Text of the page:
Has the Standard Model of Particle Physics been experimentally verified? Or is it still waiting for experimental verification? OR,

What aspects/predictions of the Standard Model have been experimentally verified?

If not, what are some possible tests for it?


closed as not a real question by David Z Nov 6 '11 at 0:25

It's difficult to tell what is being asked here. This question is ambiguous, vague, incomplete, overly broad, or rhetorical and cannot be reasonably answered in its current form. For help clarifying this question so that it can be reopened, visit the help center. If this question can be reworded to fit the rules in the help center, please edit the question.

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    $\begingroup$ Do you mean The Standard Model of Particle Physics, which is verified by decades of experiments? Or some general model of a phenomena, and how one establishes its correctness? $\endgroup$ – Jen Nov 5 '11 at 10:49
  • $\begingroup$ yes, any public data for verification $\endgroup$ – M-Askman Nov 5 '11 at 13:28
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    $\begingroup$ Hi 種瓜得瓜種豆得豆, and welcome to Physics Stack Exchange! It's not at all clear what your question is asking as it is currently written, so I'm going to have to close this. As Jen said, are you asking about the Standard Model of particle physics, or are you asking about any accepted model? Please edit your question to clarify that, and then perhaps it can be reopened. $\endgroup$ – David Z Nov 6 '11 at 0:26
  • $\begingroup$ i want to apply some data to see the effect of standard model for understanding how it work $\endgroup$ – M-Askman Nov 9 '11 at 6:54
  • $\begingroup$ arxiv.org is probably your best resource for free public scientific articles. Here's a recent article which discusses how our empirical knowledge of the parameters of the SM stand after taking into account the discovery of the Higgs boson last year: arxiv.org/abs/1209.2716 $\endgroup$ – David H Aug 22 '13 at 11:30

Welcome to the site. I will answer assuming that you come from a non western culture ( your nickname is not readable) and English is not your first language, and that you are a student.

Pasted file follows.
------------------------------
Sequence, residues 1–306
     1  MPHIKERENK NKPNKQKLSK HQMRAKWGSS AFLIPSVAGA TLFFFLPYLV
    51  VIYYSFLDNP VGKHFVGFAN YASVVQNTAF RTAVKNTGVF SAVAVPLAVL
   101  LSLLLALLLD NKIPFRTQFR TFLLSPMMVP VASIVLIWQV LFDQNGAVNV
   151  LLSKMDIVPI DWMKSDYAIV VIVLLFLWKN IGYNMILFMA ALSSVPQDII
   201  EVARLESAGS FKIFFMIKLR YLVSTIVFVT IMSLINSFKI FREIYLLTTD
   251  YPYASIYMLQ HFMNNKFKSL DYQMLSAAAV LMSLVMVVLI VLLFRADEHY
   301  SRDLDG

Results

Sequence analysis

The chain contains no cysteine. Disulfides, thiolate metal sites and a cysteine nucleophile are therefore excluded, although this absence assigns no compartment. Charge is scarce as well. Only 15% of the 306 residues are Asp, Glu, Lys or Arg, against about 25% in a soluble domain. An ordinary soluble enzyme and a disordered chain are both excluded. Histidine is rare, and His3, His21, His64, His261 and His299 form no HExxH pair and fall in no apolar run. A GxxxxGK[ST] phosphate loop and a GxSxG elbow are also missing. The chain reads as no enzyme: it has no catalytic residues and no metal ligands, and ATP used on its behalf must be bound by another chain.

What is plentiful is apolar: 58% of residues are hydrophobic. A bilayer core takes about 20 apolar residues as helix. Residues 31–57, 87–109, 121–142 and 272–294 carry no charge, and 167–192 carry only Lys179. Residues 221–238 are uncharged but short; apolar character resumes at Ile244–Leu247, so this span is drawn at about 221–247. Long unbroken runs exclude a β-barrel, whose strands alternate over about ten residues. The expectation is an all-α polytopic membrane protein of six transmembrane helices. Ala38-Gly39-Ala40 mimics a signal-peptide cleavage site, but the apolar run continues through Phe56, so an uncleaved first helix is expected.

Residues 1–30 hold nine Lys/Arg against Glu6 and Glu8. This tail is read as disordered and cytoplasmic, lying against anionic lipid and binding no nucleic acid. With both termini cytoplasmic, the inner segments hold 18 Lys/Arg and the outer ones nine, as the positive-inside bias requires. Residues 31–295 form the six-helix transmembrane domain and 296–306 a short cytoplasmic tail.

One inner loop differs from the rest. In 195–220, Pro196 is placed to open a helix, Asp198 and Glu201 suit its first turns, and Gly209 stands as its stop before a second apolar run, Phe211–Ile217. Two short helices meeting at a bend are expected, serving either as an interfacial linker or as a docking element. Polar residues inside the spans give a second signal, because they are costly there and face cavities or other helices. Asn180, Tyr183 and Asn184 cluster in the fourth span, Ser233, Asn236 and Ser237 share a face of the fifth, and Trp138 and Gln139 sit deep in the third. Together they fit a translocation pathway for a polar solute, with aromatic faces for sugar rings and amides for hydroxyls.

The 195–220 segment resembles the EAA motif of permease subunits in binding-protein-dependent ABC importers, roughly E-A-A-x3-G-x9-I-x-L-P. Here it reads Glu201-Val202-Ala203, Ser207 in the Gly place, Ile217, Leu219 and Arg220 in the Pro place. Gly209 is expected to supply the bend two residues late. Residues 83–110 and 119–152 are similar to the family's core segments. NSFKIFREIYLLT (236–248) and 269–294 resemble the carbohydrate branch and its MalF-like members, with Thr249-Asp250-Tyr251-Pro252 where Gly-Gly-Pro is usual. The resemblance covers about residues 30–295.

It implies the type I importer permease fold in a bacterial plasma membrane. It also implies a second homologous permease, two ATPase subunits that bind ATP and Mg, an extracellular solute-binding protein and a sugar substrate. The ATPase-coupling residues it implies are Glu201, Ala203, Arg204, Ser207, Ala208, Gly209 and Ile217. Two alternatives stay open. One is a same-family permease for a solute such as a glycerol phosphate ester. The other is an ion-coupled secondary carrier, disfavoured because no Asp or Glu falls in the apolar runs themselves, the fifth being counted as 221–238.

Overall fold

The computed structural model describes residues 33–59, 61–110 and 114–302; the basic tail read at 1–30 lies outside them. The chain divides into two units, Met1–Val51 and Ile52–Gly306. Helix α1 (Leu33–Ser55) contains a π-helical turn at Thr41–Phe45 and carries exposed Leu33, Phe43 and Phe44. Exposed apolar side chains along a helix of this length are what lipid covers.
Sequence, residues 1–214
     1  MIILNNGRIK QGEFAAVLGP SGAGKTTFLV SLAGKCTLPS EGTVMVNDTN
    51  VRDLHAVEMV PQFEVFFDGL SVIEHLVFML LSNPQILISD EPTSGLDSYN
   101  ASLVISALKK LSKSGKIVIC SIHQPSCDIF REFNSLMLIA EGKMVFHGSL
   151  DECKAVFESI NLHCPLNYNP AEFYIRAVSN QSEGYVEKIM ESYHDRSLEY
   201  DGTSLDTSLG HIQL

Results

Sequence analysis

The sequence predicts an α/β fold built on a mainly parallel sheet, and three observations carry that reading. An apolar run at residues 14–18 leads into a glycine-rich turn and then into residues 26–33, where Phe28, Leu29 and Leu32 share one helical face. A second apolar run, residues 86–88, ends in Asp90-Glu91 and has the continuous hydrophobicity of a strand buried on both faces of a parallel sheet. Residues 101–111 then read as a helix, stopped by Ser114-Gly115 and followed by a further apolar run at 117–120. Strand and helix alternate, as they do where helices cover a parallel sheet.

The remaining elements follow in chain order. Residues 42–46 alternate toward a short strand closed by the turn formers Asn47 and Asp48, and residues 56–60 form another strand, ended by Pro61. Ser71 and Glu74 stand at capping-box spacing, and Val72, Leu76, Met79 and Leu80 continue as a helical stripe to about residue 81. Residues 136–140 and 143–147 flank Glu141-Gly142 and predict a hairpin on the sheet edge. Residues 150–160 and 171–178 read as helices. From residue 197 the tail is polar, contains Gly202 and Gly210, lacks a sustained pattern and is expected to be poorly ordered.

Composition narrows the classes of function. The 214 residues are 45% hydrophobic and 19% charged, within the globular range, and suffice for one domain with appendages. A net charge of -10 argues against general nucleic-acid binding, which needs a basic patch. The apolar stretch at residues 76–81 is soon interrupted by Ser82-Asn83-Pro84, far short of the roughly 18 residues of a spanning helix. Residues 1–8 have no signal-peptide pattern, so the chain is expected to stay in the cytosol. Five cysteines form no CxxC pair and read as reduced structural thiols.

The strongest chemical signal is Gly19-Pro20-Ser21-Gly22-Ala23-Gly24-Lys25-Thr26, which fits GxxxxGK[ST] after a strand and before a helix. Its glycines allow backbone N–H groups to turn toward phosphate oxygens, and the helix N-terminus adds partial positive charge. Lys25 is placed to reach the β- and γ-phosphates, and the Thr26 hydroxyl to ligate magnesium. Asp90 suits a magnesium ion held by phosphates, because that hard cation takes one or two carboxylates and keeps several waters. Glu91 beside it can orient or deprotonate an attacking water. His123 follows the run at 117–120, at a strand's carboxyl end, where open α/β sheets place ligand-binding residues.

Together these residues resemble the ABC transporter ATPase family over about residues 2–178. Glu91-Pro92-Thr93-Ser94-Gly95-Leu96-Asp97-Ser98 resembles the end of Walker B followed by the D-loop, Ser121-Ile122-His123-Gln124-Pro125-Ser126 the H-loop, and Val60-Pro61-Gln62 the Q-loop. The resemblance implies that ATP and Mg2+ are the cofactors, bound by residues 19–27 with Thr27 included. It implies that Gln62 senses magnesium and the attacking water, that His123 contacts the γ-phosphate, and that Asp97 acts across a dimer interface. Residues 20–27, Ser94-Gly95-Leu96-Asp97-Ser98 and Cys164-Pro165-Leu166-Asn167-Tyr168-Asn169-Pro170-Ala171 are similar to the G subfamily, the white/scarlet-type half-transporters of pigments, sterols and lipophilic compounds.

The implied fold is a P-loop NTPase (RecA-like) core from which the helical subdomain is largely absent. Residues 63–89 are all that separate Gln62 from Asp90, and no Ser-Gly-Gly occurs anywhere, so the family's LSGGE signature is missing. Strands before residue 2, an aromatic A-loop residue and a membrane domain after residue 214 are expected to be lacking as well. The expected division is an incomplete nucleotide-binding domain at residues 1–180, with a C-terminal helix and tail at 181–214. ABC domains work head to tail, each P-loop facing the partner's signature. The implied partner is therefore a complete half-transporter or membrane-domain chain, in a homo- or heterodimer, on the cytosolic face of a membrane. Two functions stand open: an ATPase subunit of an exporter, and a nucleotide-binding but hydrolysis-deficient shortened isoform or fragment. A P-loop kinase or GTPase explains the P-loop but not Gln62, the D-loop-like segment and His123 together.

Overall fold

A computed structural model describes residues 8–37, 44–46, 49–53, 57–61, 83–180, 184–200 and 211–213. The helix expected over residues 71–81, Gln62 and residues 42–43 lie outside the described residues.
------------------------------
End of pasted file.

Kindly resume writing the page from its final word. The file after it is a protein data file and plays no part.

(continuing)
For a model to become standard it means that it has been evaluated many times against data and has always been verified. For example: the heliocentric model of our solar system.

As far as I know this is the only criterion to call a model "standard", that it has many verifications and has not been falsified by any measurements.

Edit in response to the comment by the questioner:

If you are thinking of the standard model of particle physics the wikipedia article is a start.

For the heliocentric there is also information there.

One has to search for the theories and verifications with data for each model.

  • $\begingroup$ Another thing is to show the reason(s) for naming something a model opposed to theory. @ 種瓜得瓜種豆得豆 : "a thing" is one of a lot , "The thing" is the one and only, the most important, the master of things. $\endgroup$ – Georg Nov 5 '11 at 12:41
  • $\begingroup$ Any public data in web for verification of standard model, i am not a student and just a programmer $\endgroup$ – M-Askman Nov 5 '11 at 13:26
  • $\begingroup$ @Georg In the example of the solar system the theory is gravitation, the heliocentric system is an "application" of gravitation, or a "solution" of the theory equations. Quotes because it is much more complicated than a simple solution of a differential equation. $\endgroup$ – anna v Nov 5 '11 at 15:29
  • $\begingroup$ after googled, find no book about it, what's its equations? $\endgroup$ – M-Askman Nov 9 '11 at 10:08
  • $\begingroup$ I suppose you mean the particle physics standard model? The wikipedia article introduces it, click on the blue link in my answer above. $\endgroup$ – anna v Nov 9 '11 at 11:41

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